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Rural Health: Stigma is an unnecessary barrier to mental health care

Several years back, I was conducting a community health assessment of a small, rural community in South Alabama to identify its greatest health issues and needs. My first job after finishing college was with the Alabama Department of Mental Health. Because of this experience, mental health care and needs have always been of special concern to me.

As a part of this health assessment, I visited the local outpatient mental health center to meet with the clinical director to discuss mental health-related issues, trends, and needs in the community. I was surprised when he refused to discuss such general topics until I received permission from his supervisor. This experience started me thinking about the stigma attached to certain mental health and other sensitive health conditions as a very real barrier to health care.

Keeping health conditions and issues in the closet is greatly contributing to establishing and increasing stigmas that are actually creating barriers to health care. The question must be asked:  Could this unnecessary stigma be a contributing factor in the horrible school violence in this country?  This director should have been required to get out and speak with civic organizations, churches, etc. to inform the community about local mental health.

A large portion of our population does not understand mental health. What is depression? What are the symptoms of depression? What is schizophrenia? What treatments and other options are available for persons with mental health needs? Bringing such conditions out of the closet and openly discussing them may help identify many of the undiagnosed who need assistance. It may also increase local awareness and concern to the point of producing more local buy-in and support for mental health care.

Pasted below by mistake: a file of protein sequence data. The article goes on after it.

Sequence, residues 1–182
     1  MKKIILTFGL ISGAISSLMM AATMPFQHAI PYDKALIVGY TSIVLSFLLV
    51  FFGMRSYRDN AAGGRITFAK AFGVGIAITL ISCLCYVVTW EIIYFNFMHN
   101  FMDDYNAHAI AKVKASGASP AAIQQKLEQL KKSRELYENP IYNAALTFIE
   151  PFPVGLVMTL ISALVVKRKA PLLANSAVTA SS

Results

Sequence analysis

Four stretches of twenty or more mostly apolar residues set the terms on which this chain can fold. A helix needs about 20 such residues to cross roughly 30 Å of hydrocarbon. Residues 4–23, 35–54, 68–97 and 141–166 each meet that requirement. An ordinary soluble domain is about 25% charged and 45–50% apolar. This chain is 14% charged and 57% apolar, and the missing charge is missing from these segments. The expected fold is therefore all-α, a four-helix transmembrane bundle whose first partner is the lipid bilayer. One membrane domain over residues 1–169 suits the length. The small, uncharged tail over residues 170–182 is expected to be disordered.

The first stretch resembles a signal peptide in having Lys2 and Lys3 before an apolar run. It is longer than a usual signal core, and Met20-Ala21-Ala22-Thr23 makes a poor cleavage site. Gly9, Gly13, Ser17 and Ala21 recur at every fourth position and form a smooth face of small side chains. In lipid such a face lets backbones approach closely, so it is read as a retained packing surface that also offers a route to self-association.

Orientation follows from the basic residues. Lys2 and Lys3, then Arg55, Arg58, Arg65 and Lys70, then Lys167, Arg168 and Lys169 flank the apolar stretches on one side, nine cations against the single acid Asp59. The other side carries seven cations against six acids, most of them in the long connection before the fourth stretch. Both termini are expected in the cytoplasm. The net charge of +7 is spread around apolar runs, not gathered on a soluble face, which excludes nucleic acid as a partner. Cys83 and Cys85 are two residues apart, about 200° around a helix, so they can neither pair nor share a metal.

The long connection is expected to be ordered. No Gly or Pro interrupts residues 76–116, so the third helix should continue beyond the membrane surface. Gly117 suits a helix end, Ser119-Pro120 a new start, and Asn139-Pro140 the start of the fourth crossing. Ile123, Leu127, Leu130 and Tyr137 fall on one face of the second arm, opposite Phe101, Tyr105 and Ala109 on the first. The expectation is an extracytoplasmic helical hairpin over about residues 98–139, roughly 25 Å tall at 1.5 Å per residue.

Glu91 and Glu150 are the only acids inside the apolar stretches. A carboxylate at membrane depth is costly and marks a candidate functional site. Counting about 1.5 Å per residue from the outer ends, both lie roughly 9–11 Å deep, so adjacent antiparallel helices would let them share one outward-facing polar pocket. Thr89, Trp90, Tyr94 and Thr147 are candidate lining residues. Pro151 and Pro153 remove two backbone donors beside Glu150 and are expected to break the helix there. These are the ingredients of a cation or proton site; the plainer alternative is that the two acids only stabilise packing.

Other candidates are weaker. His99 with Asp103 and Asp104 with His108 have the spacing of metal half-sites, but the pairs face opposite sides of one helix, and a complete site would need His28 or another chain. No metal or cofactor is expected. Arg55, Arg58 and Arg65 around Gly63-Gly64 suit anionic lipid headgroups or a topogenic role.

Such open and public conversation can also remove much of the stigma associated with sensitive health conditions, like mental health, HIV/AIDS, and drug abuse or dependency. Open discussion can enable many sensitive health conditions to become recognized as normal conditions that involve normal people and for which successful treatments are available.

Attempts are being made to care for patients with more sensitive conditions together with other general health care, rather than having such care provided in separate facilities. Seeing someone walking into a mental health clinic or a facility dedicated to the treatment of other sensitive conditions would virtually be an announcement that they have that condition. This integrative care model holds promise in decreasing the stigma attached to certain health conditions.

If you are a member of a civic organization, church, or other source that provides programs, I encourage you to have programs on topics that can diminish the stigmas attached to sensitive health conditions to enhance access to such health care.

Dale Quinney is executive director of the Alabama Rural Health Association, 1414 Elba Highway, Troy, 36081.